In order to get the best value out of prototype demonstrations, the guidelines below should be followed.
The demonstrators should prepare the audience for any prototype demonstration session. The objectives of the session should be clearly stated together with the known limitations of what will be seen. It can be too easy to assume that, since one or two users have been involved in the development of a prototype, the rest of the user community are as knowledgeable about what is going on. Indeed, the Ambassador Users will talk to their colleagues but this communication channel should not be totally relied upon until working software has been demonstrated to the wider user population, as it is often difficult to explain what has not been seen – the reason why DSDM is the way it is.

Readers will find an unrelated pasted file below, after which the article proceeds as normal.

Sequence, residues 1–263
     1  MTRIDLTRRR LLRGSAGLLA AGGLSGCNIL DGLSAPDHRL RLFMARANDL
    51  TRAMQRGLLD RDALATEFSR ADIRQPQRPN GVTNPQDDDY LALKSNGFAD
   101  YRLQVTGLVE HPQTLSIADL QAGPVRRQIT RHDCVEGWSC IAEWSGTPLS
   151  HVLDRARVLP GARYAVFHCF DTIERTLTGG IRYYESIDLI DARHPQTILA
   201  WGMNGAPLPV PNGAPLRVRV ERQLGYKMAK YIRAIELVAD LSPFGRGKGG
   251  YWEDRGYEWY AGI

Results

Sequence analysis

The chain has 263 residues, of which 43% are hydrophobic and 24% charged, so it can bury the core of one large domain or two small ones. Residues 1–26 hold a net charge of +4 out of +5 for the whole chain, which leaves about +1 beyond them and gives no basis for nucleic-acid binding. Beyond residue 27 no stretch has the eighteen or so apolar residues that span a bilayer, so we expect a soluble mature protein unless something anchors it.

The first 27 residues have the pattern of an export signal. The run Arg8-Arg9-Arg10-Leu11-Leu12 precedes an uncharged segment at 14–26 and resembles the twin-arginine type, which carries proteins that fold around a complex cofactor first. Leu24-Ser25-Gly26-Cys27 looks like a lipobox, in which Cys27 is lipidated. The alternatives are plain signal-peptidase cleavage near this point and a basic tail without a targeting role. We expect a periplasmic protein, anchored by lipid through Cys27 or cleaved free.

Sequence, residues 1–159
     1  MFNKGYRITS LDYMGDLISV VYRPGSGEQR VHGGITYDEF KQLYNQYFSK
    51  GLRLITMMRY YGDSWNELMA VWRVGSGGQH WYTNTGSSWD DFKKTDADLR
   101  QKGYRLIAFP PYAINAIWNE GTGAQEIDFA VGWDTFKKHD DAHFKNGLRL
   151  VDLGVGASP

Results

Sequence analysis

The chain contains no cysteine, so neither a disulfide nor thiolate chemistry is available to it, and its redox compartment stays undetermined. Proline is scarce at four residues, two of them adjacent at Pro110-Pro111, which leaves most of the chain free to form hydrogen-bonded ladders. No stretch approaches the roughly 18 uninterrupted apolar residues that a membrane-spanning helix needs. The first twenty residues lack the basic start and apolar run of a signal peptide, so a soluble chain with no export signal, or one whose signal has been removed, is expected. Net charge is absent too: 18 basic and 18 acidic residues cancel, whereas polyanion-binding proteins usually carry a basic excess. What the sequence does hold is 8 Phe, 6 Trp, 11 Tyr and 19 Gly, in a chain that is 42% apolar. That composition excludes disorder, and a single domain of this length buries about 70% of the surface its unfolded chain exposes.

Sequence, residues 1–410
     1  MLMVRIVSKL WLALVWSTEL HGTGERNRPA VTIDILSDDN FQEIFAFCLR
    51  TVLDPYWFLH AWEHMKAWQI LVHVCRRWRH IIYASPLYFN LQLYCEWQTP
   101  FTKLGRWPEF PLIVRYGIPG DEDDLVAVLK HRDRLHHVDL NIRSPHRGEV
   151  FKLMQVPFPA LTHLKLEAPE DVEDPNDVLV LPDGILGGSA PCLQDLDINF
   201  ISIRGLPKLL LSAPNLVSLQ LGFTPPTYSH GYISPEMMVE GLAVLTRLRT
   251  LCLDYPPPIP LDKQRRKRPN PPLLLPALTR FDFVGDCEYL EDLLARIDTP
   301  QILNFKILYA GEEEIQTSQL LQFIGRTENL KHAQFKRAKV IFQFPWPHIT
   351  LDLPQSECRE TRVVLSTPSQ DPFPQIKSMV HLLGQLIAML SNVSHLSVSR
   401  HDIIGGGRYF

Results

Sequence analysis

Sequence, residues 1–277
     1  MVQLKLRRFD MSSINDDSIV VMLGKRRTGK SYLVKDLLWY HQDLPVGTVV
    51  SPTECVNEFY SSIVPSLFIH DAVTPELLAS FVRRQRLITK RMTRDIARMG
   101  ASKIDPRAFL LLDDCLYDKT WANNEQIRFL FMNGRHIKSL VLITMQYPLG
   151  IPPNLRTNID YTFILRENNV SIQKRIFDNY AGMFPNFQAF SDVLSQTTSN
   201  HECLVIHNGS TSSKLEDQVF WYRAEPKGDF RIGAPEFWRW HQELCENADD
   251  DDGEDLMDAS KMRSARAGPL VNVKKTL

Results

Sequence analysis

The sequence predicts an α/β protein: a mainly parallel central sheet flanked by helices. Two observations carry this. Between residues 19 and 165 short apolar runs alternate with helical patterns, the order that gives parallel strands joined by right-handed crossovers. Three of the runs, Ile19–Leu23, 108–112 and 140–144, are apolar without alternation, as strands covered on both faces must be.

During the session, discussion should be encouraged. Putting the prototype through its paces at such a speed that the users cannot see what may be expected of them in the future is worse than useless. The development team may come away from the session feeling reassured that they are following the right track, whereas all that has happened is that any comments have been stifled.
The Scribe should record all comments made during the demonstration. Otherwise, since the focus of the developers and the users will be on the behaviour of the prototype, some feedback may be forgotten.